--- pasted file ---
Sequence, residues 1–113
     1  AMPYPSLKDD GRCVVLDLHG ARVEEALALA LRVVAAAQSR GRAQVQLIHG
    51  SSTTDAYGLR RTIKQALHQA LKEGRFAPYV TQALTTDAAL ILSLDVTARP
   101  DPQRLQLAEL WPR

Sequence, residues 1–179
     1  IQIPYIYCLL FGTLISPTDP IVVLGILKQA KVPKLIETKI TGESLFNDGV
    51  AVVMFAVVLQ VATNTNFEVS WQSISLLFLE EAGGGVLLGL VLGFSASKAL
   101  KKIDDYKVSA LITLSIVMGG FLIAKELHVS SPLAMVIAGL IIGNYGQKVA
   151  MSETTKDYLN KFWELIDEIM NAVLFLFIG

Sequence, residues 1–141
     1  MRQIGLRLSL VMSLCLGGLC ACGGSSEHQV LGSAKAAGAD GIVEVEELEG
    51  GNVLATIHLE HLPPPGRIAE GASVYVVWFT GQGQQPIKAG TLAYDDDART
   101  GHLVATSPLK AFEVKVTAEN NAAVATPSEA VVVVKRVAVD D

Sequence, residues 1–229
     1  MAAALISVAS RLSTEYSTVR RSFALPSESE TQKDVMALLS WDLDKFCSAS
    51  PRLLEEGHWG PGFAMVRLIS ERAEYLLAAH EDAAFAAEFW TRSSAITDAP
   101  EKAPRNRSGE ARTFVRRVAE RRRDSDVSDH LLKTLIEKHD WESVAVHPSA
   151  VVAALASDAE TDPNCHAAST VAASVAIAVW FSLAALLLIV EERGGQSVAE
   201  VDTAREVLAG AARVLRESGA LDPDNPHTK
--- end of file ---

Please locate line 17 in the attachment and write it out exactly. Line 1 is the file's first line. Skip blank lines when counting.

   101  EKAPRNRSGE ARTFVRRVAE RRRDSDVSDH LLKTLIEKHD WESVAVHPSA